Thursday saw the reopening of the bond market for bank Additional Tier 1 (AT1) debt, more colloquially known as ‘Coco’ bonds.
Until now, there had been no Coco issuance since the beginning of the market turmoil in March for three main reasons. First, banks have been in their reporting periods, during which they cannot issue new debt. Second, spread widening has rendered the cost of issuance unattractive to banks over the last two months. And third, there has been a degree of uncertainty over investor demand.
During the global financial crisis, the issuance of deeply subordinated bank debt was just not possible, but this time is proving to be different for the sector. While it is likely to be a challenging year for the banks, for us they do tick the boxes of being resilient and having visible earnings ahead of them, despite the unknown quantum of credit losses they will incur while the recession lasts.
Today’s icebreaker came from Bank of Ireland, not widely regarded as one of the strongest banks given the market in which it operates, but a resilient one nevertheless. The new issue was launched with the purpose of redeeming an existing security whose first call date is in June, effectively replacing the existing 7.375% bond with a new 7.5% bond, again with a five-year non-call period; so a small incremental cost to the borrower in terms of coupon, but also in transaction charges.
The new deal was effectively ‘reverse enquired’ by investors and the lead managers, making it a virtually riskless transaction for the borrower and the arrangers in terms of investor demand; a sensible way to operate with the most sensitive part of a bank’s capital structure in these times. So we can assume everyone is happy, except perhaps any investment banks who feel they missed out on this landmark piece of business, and any investors who didn’t receive their desired allocation.
However, this does gives us the opportunity to address two of the most frequent questions we hear from investors about AT1, a sector that is not yet a decade old and is now going through its first real set of challenges.
The first of these questions concerns callability. Do we think that banks will continue to call their AT1 bonds at the first call date, and if not, what is the extension risk?
We think most banks recognise they are typically paying a five-year price (or however long until the first call date) for perpetual subordinated debt, they respect this and will do their best to pre-finance their upcoming maturities. Bank of Ireland was perhaps a little unlucky, having left its pre-financing a little late in an effort to avoid paying two sets of coupons while the old deal was still outstanding, with COVID-19 hitting before it could come to the market.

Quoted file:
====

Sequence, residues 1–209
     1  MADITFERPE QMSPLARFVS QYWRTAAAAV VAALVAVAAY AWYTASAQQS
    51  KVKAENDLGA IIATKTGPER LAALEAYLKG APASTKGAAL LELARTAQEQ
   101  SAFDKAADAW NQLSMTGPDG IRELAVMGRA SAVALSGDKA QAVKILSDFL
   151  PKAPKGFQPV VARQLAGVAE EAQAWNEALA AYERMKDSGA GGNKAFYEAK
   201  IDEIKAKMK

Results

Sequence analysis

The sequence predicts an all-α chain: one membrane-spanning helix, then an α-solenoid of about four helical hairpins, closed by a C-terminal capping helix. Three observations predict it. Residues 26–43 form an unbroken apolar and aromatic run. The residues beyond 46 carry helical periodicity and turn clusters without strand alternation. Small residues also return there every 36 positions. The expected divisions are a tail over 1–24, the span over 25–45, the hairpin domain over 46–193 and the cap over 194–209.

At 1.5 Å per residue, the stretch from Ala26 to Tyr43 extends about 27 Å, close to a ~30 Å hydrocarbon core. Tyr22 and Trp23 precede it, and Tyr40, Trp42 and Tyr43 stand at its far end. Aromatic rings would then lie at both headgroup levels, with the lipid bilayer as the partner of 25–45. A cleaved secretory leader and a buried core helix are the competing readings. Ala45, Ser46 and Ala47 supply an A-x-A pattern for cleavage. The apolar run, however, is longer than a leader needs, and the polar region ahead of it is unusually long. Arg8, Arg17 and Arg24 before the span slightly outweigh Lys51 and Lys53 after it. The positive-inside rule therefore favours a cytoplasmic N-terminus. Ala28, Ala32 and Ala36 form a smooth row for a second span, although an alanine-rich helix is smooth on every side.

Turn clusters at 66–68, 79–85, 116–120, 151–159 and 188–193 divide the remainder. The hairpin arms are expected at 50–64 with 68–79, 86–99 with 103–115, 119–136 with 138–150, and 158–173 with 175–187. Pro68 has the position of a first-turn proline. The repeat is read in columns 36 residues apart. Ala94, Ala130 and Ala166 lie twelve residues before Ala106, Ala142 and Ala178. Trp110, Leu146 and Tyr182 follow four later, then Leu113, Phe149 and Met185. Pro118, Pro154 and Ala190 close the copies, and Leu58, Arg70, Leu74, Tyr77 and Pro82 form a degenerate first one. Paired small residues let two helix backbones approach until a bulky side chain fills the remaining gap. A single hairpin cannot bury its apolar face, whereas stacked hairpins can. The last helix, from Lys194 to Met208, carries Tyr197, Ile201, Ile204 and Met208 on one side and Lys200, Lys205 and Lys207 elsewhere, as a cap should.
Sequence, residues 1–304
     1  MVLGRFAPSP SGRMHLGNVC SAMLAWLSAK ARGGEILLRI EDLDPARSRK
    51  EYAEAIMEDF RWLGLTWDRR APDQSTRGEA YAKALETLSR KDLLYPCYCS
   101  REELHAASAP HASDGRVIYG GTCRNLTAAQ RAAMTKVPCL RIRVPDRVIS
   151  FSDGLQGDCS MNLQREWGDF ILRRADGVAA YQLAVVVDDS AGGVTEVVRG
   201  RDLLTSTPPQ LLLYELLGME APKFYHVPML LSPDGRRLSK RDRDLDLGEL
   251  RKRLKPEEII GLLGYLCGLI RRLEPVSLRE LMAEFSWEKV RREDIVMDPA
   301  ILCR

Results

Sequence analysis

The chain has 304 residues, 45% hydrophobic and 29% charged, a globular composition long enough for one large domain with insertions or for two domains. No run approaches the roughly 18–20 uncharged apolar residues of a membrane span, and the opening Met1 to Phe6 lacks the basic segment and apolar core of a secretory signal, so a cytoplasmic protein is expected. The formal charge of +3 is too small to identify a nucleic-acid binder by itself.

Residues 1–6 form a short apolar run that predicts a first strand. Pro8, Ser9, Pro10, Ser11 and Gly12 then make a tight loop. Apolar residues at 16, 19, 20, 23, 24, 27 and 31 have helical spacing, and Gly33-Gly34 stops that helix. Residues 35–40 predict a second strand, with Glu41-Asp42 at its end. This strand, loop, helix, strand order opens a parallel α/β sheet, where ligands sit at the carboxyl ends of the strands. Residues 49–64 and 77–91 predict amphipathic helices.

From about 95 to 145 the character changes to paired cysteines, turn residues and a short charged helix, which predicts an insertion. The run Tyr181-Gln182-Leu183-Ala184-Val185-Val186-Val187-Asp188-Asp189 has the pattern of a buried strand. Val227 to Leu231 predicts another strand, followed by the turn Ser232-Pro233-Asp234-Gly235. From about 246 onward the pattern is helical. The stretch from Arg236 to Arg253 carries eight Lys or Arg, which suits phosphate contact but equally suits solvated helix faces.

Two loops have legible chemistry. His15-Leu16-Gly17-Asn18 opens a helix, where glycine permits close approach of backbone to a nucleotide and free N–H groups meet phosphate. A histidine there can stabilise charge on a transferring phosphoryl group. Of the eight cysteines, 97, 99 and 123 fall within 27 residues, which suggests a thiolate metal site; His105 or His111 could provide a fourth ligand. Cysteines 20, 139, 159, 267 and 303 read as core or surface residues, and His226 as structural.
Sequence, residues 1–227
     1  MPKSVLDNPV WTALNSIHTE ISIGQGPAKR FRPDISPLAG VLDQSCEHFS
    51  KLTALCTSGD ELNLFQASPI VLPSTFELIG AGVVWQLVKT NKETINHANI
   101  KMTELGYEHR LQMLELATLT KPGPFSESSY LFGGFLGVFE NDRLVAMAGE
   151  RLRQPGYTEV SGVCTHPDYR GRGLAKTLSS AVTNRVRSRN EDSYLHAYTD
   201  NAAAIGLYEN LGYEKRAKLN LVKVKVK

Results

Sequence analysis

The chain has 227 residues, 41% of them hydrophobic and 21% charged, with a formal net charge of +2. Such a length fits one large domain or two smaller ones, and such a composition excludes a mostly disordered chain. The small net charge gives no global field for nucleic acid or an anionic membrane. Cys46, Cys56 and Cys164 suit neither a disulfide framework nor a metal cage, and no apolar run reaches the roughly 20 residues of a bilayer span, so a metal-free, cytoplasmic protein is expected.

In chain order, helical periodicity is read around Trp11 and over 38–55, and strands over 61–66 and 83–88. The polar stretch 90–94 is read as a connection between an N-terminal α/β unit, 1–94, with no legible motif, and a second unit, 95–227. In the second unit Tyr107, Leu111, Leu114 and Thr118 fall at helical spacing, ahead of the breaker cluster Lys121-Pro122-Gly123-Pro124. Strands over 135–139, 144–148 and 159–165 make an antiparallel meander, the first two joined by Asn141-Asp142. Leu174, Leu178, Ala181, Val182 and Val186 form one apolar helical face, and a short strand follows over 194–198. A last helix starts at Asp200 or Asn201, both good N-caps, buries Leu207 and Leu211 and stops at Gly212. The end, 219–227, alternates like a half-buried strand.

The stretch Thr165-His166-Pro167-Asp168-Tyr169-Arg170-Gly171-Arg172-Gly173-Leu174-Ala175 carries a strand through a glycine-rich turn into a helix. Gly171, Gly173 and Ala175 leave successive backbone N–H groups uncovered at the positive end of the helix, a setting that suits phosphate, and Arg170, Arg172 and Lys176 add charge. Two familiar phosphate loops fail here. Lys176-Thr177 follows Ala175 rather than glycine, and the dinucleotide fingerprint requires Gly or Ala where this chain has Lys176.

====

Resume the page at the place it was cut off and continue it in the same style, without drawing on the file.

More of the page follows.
If refinancing an existing transaction means banks paying a bit more to investors, again we think most banks are prepared to pay up to maintain this investor trust. However, they will not and should not pay any price for this; in the majority of cases the bonds are frequently callable, thereby allowing the issuers to wait until the next coupon date in order to achieve better pricing and a lower coupon, which we would argue is in everyone’s interest in the longer term. For banks with just one security issued in this sector, this is even more important.
We must therefore look at each case on merit and model accordingly, but in general we see the surprises going forward coming from banks that do call and pay up more than we expect, rather than those who don’t call and wait. Investment banks have teams of people to work on these refinancing trades, and they are all highly motivated to make them happen. As we can see in the case of Bank of Ireland, the cost of doing so is perhaps less than you might think. So good job to all the banks involved in this trasaction and to Bank of Ireland for working in such a tight timeframe and respecting its investors.
The second question is about AT1 coupons. Do we think regulators will ask the banks to turn these off, as they have done with dividends?
The answer here is quite simply no. There is a clearly defined regulatory framework that determines a bank’s health and its ability to meet these coupon payments. It is only when a bank’s capital falls through this capital floor that a coupon should not be paid. This is not connected to a bank making a profit or not. When we talk about resilience in this sector we are looking for the additional buffer of capital that each bank has over and above this minimum floor, above which coupons can be paid.
Meanwhile, if you do have further questions on this most interesting of sectors, then do please ask us.